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Is it just me, or is How I Met Your Mother not very funny this season? Even the return of Sarah Chalke as Stella has done nothing to stem the tide. The first two episodes of the season, but especially this last one with Regis Philbin, barely registered on my laugh meter. It’s sad, since pre-strike it was one my favorite shows. Thankfully The Office is still strong, even if it is being pre-empted this week for the equally awkward pseudo comedy of the Vice Presidential Debate.
Returning shows I’ll be watching this fall:
- The Amazing Race. Always entertaining, often exhilerating, it’s head and shoulders better than any other reality TV show.
- Bones. The funniest crime drama on television! (Joss Whedon alumni show # 1)
- Chuck. This one really picked up steam near the end of its strike-shortened freshman season. Season two already has a full 22-episode order, and I’m expecting good things. (Joss Whedon alumni show # 2)
- Dirty Sexy Money. Frivolous rainy day DVR stuff. Love it.
- Eli Stone. One of the quirkiest, character-driven legal dramas I’ve ever seen. An absolute joy.
- How I Met Your Mother. The season opener was a little weaker than past episodes, but I still have faith. (Joss Whedon alumni show # 3)
- The Office. The most perfect, painfully hilarious show on television.
- Terminator: The Sarah Conner Chronicles. Just keeps getting better. (Joss Whedon alumni show # 4)
New shows I’ll give a shot:
- Worst Week. Reviews are good. We’ll see.
- Fringe. Three episodes in, I like it, though it’s the least awesome J.J. Abrams show so far.
- Crusoe. This show gets exactly one episode to convince me it won’t be terrible.
- Dollhouse. Joss Whedon alumni show # 5!
- Law & Order: Criminal Intent. Jeff Goldblum on a police procedural. Could be interesting.
- LOST. Will probably DVR the whole season and watch all at once.
This never happens: All but one of my favorite TV shows has been renewed for the fall season! While Bones, Lost, and The Office were never in any real danger, Terminator, Chuck, Reaper, How I Met Your Mother, Til Death, and Eli Stone were all on the bubble. I figured at least half of them were goners. I’m even strangely relieved that New Amsterdam and Back To You were cancelled, since I—like the rest of America, apparently—had already given up on them. It’s a good day.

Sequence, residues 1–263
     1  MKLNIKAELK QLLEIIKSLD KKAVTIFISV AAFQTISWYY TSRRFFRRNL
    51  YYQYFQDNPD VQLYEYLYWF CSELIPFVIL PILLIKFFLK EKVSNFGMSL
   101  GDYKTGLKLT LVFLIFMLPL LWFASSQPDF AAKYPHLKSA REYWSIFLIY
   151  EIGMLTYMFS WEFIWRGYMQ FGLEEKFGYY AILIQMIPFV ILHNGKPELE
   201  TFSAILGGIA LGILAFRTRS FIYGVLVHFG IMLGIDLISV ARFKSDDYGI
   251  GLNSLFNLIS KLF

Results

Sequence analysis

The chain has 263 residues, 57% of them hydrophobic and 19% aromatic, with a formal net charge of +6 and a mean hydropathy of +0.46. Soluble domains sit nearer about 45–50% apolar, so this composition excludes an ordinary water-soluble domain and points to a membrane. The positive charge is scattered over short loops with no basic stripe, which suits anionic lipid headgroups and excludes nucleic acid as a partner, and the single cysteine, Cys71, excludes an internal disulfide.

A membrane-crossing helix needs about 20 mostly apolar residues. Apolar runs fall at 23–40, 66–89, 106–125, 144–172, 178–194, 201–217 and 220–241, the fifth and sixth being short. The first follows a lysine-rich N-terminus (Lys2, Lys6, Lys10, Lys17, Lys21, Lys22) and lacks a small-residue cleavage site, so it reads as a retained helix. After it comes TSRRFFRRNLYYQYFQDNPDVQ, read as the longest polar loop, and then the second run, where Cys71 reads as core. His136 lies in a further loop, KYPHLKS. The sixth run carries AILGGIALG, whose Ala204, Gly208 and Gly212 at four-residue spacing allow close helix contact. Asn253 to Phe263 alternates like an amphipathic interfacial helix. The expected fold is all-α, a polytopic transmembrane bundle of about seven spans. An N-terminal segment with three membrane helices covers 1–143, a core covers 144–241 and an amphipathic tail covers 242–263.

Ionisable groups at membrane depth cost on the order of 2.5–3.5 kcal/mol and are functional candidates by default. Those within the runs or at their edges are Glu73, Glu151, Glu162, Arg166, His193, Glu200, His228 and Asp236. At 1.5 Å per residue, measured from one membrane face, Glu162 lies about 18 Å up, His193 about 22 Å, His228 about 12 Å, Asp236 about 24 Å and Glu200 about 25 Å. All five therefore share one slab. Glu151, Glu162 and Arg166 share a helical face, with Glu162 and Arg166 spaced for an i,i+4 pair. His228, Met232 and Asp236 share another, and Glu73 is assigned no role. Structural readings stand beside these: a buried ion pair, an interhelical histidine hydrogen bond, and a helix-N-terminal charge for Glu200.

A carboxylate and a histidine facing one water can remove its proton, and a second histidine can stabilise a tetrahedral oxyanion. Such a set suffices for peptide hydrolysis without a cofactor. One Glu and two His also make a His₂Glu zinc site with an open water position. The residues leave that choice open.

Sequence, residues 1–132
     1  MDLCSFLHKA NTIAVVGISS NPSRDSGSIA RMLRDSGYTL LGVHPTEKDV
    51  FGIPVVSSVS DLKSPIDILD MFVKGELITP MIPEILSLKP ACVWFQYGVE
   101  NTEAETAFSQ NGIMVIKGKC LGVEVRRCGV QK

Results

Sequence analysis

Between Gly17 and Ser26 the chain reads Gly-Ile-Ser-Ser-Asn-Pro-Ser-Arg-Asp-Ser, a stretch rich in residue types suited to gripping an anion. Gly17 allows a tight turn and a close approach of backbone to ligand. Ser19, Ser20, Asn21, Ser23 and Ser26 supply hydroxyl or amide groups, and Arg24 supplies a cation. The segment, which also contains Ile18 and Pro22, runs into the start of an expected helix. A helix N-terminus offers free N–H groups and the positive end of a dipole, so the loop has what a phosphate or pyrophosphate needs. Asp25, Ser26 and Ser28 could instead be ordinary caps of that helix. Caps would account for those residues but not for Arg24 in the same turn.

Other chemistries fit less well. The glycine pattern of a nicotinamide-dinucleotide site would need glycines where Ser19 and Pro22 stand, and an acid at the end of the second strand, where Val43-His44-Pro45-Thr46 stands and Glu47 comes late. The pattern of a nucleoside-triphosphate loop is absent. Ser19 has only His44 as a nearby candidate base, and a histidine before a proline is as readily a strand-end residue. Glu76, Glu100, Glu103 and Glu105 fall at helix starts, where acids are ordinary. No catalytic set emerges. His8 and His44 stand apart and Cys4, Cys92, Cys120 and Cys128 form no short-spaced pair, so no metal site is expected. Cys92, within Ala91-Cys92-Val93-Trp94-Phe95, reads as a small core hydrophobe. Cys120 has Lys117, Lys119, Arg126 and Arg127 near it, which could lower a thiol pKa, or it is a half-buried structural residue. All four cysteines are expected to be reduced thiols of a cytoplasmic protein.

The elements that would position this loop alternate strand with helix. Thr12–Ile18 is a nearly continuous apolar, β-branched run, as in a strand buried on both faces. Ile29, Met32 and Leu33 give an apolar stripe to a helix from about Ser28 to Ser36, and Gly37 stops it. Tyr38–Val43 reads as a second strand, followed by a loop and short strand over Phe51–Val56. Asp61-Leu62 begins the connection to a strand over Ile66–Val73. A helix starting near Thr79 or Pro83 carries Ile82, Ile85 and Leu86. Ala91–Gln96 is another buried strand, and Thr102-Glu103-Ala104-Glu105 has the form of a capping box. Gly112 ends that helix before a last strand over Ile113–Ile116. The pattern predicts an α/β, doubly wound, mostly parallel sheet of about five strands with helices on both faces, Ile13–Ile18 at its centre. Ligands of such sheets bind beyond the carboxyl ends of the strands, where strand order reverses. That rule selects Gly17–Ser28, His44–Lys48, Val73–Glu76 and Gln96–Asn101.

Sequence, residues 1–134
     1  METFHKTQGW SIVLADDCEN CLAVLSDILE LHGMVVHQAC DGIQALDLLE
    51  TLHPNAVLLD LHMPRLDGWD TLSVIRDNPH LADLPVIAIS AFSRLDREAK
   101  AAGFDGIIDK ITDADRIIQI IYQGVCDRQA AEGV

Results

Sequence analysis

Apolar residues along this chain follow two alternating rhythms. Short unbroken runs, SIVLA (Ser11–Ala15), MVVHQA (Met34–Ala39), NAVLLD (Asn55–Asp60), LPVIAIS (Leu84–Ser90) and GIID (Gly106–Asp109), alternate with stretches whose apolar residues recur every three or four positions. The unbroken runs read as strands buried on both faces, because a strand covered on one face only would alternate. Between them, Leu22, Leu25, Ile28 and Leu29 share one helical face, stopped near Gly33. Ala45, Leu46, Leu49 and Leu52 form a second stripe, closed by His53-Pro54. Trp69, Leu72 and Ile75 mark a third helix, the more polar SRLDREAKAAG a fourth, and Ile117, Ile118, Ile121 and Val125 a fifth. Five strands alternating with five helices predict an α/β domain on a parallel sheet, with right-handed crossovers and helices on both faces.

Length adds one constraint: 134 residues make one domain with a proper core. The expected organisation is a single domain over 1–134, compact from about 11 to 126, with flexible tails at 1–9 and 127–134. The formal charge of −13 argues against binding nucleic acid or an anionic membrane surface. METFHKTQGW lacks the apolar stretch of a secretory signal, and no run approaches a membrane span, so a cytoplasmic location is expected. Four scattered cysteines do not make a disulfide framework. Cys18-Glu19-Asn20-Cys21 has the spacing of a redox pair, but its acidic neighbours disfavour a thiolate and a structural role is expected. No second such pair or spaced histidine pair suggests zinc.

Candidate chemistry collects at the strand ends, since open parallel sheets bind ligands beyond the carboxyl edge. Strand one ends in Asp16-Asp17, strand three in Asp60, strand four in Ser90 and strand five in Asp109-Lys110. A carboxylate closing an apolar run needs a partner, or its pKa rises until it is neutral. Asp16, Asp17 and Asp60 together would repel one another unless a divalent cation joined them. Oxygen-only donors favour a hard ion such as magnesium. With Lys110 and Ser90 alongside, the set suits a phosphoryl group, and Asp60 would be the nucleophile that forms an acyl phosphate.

It seems like forever ago that I gave my first impressions of the new fall TV shows. Then a little something called the writer’s strike happened (solidarity!) and screwed up my whole plan to give midterm and final grades for the new and returning shows alike. Turns out that plan was probably more ambitious than I actually am, anyway. But nevertheless, I’m back at it with a quick rundown of the “Best In Show” of the fall 2007/spring 2008 television season. *
BEST NEW SHOW: Reaper
I gave Reaper a B+ when it debuted in October, calling it “surprisingly not terrible.” Nearly a full season later, I’m in love with it, and it just keeps getting better every week. And that can only mean one thing: It’s on the bubble for renewal. (Runners up: Eli Stone, Chuck)
BEST SITCOM: The Office
It’s both the most excruciating 30 minutes of my week (that’s what she said!) and, often, a spot-on representation of the American workplace. This is my favorite show to talk about (and quote) the next day. Can’t-miss TV. (Runner up: How I Met Your Mother)
BEST DRAMA: Lost
By the middle of last season, I just wasn’t that into Lost anymore. I still watched it, but it wasn’t grabbing me like it did in the early days. But this season has been great, and I’m happy to put it back in its rightful place as the best 60-minute show around. (Runner up: Jericho)
BEST SHOW NOBODY WATCHED: Jericho